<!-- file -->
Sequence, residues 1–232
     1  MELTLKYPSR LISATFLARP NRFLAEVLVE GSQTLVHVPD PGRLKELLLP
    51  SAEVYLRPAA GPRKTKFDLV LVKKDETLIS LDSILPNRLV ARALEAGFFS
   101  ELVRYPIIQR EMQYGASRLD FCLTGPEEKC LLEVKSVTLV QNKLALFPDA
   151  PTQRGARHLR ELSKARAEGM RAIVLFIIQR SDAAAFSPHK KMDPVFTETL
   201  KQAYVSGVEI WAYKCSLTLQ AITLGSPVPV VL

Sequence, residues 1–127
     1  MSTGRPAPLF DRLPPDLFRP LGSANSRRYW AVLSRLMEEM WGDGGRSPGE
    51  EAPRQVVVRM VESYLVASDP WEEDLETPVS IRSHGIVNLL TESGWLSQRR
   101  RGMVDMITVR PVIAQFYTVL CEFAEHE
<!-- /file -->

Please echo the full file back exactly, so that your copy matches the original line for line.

Sequence, residues 1–232
     1  MELTLKYPSR LISATFLARP NRFLAEVLVE GSQTLVHVPD PGRLKELLLP
    51  SAEVYLRPAA GPRKTKFDLV LVKKDETLIS LDSILPNRLV ARALEAGFFS
   101  ELVRYPIIQR EMQYGASRLD FCLTGPEEKC LLEVKSVTLV QNKLALFPDA
   151  PTQRGARHLR ELSKARAEGM RAIVLFIIQR SDAAAFSPHK KMDPVFTETL
   201  KQAYVSGVEI WAYKCSLTLQ AITLGSPVPV VL

Sequence, residues 1–127
     1  MSTGRPAPLF DRLPPDLFRP LGSANSRRYW AVLSRLMEEM WGDGGRSPGE
    51  EAPRQVVVRM VESYLVASDP WEEDLETPVS IRSHGIVNLL TESGWLSQRR
   101  RGMVDMITVR PVIAQFYTVL CEFAEHE